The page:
What is a Fractured Shoulder?
Trauma to the shoulder joint is common in active individuals and athletes. A fractured shoulder is one of many injuries one may sustain from blunt trauma such a fall or motor vehicle accident. Fractures of the shoulder girdle are classified based on the bone that is fractured (humerus, clavicle, or scapula). Fractures can be further classified as either non-displaced or displaced. A non-displaced fracture involves a break where the broken pieces line up and is not shifted, while a displaced fracture represent fracture fragments that are separated from each other and do not line up. If a patient in the Santa Barbara, Goleta, Santa Maria or Ventura, California area is suspected of a shoulder fracture, they are encouraged to contact Dr. Jervis Yau, shoulder specialist, for a diagnosis and treatment plan.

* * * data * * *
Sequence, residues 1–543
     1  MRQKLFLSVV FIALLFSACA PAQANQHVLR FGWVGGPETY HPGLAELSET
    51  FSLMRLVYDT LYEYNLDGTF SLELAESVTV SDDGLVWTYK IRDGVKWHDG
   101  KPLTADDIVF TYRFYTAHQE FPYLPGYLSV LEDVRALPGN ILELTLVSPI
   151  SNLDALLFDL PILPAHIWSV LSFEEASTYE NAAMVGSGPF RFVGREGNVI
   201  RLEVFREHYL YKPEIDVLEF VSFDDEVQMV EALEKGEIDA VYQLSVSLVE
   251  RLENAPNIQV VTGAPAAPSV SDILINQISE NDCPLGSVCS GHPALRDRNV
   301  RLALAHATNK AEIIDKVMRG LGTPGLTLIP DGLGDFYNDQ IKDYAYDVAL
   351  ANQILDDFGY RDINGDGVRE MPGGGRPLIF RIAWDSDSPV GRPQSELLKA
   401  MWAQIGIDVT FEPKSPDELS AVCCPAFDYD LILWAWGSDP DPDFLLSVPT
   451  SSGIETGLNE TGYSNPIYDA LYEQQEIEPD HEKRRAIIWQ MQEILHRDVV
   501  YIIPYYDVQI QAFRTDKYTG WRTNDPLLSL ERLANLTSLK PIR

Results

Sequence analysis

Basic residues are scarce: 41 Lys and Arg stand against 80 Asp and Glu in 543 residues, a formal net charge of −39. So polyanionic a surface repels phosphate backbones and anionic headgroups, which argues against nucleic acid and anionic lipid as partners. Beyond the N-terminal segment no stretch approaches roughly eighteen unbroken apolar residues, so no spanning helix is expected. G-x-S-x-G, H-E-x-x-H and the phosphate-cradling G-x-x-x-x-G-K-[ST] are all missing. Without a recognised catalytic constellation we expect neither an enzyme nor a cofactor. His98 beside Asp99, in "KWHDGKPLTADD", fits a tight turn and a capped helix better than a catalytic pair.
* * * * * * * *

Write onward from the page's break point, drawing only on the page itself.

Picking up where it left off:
What Causes a Shoulder Fracture?
Fractures of the shoulder girdle happen when excessive force is placed on the joint through trauma. There are three distinct bones that can experience a break, including:
- Clavicle Fractures: collarbone
- Proximal humerus fractures: upper arm bone
- Various scapular fractures: shoulder blade
The most common fracture seen in the young, active population is the clavicle fracture. Proximal humerus fractures are typically seen in elderly individuals due to decreased bone density. Scapula fractures are usually due to high-energy impact such as a fall from height or motor vehicle accident.
What are the Symptoms of a Fractured Shoulder?
Severe pain, crepitation and limited movement are the hallmark symptoms of fractures. Patients may also experience significant swelling and bruising of the shoulder and arm.